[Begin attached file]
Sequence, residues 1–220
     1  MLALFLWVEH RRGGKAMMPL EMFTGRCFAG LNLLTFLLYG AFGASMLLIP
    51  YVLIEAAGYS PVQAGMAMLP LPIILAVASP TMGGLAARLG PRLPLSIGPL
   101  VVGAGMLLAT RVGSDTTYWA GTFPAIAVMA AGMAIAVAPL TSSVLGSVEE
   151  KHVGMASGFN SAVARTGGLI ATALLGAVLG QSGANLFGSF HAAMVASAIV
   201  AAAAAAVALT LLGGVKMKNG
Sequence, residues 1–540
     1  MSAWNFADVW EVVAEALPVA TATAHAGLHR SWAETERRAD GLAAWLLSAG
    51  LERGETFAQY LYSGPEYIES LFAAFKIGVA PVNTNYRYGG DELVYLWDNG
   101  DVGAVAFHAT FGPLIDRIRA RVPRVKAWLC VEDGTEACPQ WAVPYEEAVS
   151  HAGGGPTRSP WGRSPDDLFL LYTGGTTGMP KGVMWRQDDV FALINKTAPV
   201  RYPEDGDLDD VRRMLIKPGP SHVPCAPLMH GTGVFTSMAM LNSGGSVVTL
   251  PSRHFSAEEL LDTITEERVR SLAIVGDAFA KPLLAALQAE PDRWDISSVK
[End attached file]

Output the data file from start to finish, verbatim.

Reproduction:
Sequence, residues 1–220
     1  MLALFLWVEH RRGGKAMMPL EMFTGRCFAG LNLLTFLLYG AFGASMLLIP
    51  YVLIEAAGYS PVQAGMAMLP LPIILAVASP TMGGLAARLG PRLPLSIGPL
   101  VVGAGMLLAT RVGSDTTYWA GTFPAIAVMA AGMAIAVAPL TSSVLGSVEE
   151  KHVGMASGFN SAVARTGGLI ATALLGAVLG QSGANLFGSF HAAMVASAIV
   201  AAAAAAVALT LLGGVKMKNG
Sequence, residues 1–540
     1  MSAWNFADVW EVVAEALPVA TATAHAGLHR SWAETERRAD GLAAWLLSAG
    51  LERGETFAQY LYSGPEYIES LFAAFKIGVA PVNTNYRYGG DELVYLWDNG
   101  DVGAVAFHAT FGPLIDRIRA RVPRVKAWLC VEDGTEACPQ WAVPYEEAVS
   151  HAGGGPTRSP WGRSPDDLFL LYTGGTTGMP KGVMWRQDDV FALINKTAPV
   201  RYPEDGDLDD VRRMLIKPGP SHVPCAPLMH GTGVFTSMAM LNSGGSVVTL
   251  PSRHFSAEEL LDTITEERVR SLAIVGDAFA KPLLAALQAE PDRWDISSVK